It’s been alarming to see the amount of times Klay Thompson has been written off this season.
In a sense, you can’t blame people for expressing even an ounce of doubt. Thompson clearly hasn’t been the same two-way stalwart he was prior to his debilitating lower-leg injuries that sidelined him for two years. The combination of bad health luck and aging into his thirties isn’t exactly a bullish indicator of him returning to his pre-injury form.
But to see some people expressing outright vitriol — i.e., wanting Thompson to be traded, wanting him off “their” team, etc. — isn’t exactly the kind of thing anyone wants to read or hear. Fandom can be very much a “heat-of-the-moment” type of experience, but I would’ve assumed Thompson has compiled enough equity and clout to at least be given the benefit of the doubt.
Perhaps Steph Curry is the only Warriors legend immune from such talk — well deserved as the franchise superstar who transformed a bottom-dweller into a dynastic powerhouse. But while Thompson may not be having his best season efficiency wise — he’s putting up 20.3 points per game on 45/39/89 shooting splits (2P/3P/FT) and a 53.5 TS% (around four percentage points below league average) — he’s been on a recent upward trend during this five-game homestand, four of which he played in.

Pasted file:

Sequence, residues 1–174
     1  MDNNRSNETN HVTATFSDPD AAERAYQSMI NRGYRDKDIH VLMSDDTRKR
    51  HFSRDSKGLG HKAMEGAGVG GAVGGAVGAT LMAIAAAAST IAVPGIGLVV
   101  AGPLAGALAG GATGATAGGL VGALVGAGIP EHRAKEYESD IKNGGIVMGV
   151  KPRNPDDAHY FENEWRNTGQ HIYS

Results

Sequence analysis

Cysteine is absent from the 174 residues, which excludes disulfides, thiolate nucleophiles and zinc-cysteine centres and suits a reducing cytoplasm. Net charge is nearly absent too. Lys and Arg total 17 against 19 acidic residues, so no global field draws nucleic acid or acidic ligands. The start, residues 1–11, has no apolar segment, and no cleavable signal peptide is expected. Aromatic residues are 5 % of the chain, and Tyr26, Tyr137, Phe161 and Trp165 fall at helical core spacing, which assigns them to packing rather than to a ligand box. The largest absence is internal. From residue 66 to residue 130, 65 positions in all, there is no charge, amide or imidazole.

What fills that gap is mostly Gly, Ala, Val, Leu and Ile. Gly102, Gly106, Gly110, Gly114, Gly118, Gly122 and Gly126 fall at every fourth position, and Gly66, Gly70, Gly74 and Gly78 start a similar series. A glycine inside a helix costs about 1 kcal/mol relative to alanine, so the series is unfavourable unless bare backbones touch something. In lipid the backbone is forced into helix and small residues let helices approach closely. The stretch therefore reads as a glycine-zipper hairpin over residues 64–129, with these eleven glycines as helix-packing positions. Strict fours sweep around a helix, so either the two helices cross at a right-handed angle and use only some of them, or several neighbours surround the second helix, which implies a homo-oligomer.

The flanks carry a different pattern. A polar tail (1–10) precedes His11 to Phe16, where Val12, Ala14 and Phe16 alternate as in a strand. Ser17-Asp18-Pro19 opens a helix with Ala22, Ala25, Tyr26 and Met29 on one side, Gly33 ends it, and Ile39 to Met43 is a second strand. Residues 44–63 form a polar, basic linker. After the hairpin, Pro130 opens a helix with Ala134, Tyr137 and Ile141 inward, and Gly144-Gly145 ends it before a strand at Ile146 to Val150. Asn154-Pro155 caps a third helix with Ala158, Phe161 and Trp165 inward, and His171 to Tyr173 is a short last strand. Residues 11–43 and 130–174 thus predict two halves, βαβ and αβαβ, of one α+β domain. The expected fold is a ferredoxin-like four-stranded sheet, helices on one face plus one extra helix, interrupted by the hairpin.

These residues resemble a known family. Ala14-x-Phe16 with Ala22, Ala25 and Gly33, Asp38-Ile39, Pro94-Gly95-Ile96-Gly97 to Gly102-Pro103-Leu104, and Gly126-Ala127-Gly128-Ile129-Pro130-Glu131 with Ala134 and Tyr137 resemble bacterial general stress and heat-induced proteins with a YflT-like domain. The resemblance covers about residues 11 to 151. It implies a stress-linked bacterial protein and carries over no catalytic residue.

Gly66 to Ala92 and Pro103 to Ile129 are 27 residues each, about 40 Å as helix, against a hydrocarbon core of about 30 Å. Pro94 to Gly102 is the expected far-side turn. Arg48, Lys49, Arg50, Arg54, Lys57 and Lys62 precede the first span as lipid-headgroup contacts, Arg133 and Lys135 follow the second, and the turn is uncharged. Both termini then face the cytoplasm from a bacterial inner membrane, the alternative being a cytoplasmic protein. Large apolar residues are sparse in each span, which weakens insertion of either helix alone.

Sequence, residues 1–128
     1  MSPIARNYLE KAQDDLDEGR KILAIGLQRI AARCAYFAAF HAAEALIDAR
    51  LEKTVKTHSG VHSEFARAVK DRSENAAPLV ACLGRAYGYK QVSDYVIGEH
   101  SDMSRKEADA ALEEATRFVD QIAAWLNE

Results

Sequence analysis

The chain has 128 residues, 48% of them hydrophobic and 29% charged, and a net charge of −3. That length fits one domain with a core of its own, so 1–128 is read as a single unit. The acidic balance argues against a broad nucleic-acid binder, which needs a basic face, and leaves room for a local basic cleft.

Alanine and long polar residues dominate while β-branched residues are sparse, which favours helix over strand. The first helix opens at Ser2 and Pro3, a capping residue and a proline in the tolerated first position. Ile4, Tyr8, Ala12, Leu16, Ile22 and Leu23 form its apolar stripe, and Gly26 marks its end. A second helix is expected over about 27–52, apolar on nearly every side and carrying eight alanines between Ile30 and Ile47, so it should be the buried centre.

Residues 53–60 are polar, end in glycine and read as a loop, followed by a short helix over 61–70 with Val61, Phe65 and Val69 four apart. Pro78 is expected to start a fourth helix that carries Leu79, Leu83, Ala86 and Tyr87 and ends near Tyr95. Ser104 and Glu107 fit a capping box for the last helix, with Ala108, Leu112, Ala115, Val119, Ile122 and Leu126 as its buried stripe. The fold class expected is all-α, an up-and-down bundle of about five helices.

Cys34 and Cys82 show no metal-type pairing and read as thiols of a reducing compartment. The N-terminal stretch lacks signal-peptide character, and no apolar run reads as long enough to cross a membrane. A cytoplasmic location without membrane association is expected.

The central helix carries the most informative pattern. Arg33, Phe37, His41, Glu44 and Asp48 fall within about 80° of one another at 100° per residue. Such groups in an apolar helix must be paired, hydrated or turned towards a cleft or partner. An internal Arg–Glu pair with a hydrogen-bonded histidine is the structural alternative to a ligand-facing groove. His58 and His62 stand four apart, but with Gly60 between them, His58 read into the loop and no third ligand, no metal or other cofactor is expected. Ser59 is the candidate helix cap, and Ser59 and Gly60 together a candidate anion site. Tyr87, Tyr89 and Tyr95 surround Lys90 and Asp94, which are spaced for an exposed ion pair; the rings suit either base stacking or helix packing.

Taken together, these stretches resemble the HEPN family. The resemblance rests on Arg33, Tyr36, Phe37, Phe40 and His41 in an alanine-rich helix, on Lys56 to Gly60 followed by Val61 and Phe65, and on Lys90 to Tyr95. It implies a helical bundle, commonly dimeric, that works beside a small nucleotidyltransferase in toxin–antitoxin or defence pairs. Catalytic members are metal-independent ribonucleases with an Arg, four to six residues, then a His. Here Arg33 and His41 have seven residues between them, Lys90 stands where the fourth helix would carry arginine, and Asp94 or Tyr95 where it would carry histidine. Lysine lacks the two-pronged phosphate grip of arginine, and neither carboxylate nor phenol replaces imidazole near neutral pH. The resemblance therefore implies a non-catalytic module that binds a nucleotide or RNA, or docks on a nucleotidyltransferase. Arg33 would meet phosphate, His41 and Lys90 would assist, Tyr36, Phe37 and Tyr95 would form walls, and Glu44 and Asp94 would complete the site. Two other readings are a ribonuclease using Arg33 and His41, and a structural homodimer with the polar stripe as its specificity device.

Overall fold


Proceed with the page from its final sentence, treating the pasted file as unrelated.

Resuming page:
Over his last four games, Thompson is scoring 34.5 points per game on 52/42/93 shooting splits (2P/3P/FT) and a 60.4 TS% — all of which have come without having his Splash Brother on the court with him.
Thompson’s game has never really been predicated on athleticism and leaping ability. While his ability to be nimble and agile in terms of lateral movement has taken a hit due to injuries and age, it’s still at a passable level to at least replicate the kind of off-ball movement that burned defenses on a game-to-game basis during his prime.
Thompson should still command enough attention from defenses. Top-locking (cutting him off from using off-ball screens), lock-and-trail (staying closely attached to him around screens) and fighting over ball screens should still be the recommended coverages.
The Atlanta Hawks are by no means a terrible defensive team, but they aren’t elite either. They allow 112.9 points per 100 possessions — 15th in the league. They have enough perimeter stoppers to at least make shooters and ball-handlers’ lives difficult, with the only glaring exception being Trae Young.
But even the most capable of perimeter defenders have a hard time keeping track of someone off the ball who continuously pokes holes in the defense until a gap is sizable enough to be attacked:
Draymond Green calls for “Away” (him holding up two fingers and pointing toward the weak-side corner is the tell), which is staggered downscreens for a shooter to curl around. This is a common NBA set for deadly movement shooters such as Thompson, something the Warriors have been running throughout Steve Kerr’s coaching tenure.
With Dejounte Murray initially defending Thompson, he passes Thompson off to De’Andre Hunter, which should be the correct way of defending this off-ball action. But this is where screening ingenuity — in the form of Kevon Looney re-screening toward the opposite direction — comes in to set Thompson free for the shot.
Later on, the Warriors once again run “Away” for Thompson — but with a twist: